According to Abney, the following costs could be changed to improve feedlot profitability:

  • input costs, economy of scale

  • better deals with buyers via alliances or purchasing agreements

  • better management

  • feeding the right feed, the right way

  • understanding soils and forages

Proper management is what sets cattle feeders apart. “When you look at ‘the hundred-dollar difference,’ probably 80% of it comes down to management,” he says.

Real costs from feed shrinkage

Every segment of the cattle business is subject to feed shrink — or feed waste via wind, poor aim, spillage, wildlife or spoiling. The quickest and easiest way to reduce feed costs is to manage shrinkage.

“On a well-run operation, shrink will easily equate to 5% to 10%.” Abney explains. “Most of you have got a long way to go to pick up the dollars lying on the ground from shrink.”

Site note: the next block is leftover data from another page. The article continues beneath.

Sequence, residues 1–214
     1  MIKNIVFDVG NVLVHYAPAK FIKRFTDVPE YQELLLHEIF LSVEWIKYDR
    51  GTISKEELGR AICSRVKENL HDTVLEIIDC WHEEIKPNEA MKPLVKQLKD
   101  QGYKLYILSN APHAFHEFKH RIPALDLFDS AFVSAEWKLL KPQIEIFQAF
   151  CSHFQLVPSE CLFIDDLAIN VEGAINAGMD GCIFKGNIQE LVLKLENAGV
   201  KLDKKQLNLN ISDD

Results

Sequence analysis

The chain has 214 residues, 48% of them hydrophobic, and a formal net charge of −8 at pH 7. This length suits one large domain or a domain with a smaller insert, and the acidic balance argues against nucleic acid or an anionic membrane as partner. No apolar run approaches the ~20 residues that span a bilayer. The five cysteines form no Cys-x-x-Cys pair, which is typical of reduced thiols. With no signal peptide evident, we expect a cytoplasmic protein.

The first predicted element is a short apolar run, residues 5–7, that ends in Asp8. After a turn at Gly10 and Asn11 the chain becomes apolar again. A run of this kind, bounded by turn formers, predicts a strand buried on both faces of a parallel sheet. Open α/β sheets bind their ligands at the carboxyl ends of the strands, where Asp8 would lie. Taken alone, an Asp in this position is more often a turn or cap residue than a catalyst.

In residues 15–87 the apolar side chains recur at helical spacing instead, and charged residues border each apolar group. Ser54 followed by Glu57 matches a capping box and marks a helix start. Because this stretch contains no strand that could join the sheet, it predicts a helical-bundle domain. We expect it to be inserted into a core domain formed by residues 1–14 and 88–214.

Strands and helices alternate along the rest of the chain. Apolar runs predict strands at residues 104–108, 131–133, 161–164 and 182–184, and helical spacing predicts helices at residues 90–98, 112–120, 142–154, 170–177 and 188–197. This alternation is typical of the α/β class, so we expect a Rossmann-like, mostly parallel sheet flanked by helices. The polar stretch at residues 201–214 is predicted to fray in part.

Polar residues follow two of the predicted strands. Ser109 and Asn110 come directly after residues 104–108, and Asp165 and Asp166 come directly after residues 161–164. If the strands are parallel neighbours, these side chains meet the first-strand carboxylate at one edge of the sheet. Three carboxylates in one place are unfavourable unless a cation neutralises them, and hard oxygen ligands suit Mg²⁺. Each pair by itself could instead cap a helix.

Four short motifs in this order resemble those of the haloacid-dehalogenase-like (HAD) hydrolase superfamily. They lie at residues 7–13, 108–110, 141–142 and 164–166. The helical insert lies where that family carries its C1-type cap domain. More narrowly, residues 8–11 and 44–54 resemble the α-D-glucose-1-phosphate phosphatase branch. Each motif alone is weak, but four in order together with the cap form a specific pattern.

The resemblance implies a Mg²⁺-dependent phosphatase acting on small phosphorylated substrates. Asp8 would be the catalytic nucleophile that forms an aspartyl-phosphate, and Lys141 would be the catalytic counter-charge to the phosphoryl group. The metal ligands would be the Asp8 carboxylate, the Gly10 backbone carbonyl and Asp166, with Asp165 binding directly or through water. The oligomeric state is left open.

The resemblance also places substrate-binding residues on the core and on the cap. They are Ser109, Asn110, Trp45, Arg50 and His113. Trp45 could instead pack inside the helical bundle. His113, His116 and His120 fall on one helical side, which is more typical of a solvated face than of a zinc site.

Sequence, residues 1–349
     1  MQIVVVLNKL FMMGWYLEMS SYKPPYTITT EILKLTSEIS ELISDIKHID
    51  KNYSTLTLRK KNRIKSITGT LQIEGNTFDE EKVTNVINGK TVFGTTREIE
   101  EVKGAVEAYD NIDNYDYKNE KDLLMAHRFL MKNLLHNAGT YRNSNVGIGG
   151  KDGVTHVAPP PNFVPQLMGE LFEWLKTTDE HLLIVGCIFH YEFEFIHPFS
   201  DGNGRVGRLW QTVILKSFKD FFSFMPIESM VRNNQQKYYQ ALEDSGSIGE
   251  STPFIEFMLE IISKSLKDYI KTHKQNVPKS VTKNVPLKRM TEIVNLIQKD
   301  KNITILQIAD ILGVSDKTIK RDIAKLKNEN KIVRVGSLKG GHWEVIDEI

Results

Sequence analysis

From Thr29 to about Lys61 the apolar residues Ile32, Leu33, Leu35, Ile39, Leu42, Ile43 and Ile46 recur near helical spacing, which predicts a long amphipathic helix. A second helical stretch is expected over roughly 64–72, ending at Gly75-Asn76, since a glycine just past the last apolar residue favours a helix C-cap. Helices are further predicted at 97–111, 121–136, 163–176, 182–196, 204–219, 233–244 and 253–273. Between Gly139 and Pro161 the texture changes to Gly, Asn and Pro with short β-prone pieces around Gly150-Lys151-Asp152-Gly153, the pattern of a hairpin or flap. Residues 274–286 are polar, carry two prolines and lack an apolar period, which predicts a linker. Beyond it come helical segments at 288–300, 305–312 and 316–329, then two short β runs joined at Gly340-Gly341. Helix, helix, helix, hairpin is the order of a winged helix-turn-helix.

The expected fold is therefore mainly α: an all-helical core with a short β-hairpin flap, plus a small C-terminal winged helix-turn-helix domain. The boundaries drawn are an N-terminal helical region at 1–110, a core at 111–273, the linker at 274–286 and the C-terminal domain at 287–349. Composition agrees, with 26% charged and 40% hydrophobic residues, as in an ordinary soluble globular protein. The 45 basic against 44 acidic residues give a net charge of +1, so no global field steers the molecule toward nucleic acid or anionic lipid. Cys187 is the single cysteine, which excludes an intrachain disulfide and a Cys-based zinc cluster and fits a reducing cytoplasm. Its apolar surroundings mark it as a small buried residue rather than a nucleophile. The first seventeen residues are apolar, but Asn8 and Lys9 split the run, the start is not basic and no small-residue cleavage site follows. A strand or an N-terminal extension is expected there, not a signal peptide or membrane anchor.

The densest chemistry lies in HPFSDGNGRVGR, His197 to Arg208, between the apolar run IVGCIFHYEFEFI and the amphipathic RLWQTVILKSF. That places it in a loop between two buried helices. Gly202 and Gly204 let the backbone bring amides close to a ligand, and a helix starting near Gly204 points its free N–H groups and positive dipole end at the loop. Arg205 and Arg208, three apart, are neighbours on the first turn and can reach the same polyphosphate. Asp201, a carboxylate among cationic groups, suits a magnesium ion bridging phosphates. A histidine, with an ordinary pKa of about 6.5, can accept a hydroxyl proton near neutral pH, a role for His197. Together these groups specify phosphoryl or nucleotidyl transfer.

For example, if the feed ingredient costs $300 per ton, 15% shrink means that ingredient costs the cattle feeder $352.94 per ton.

“We’ve got a little bit of a persecution complex; no matter what segment of the beef industry we’re in, we’re pretty sure everybody’s out to get us,” Abney says. “But we did this to ourselves through poor management, through poor training, etc.”

Often, poor feed handling can be attributed to hired workers who haven’t been properly trained.

“If you’re not training these folks on what they need to do, why they need to do it and what your expectations are, that’s on you,” he says. “Labor’s expensive and hard to find. You can’t afford to pay someone if your feed costs increase $50 because they’re lazy and sloppy.”

All segments of the cattle industry are subject to hay, silage and baleage waste.

“What’s the most expensive part of a feedlot rational on a cost-to-gain basis?” Abney asks. “It’s the roughage. Hay is a huge contributor to cost in the feedyard.”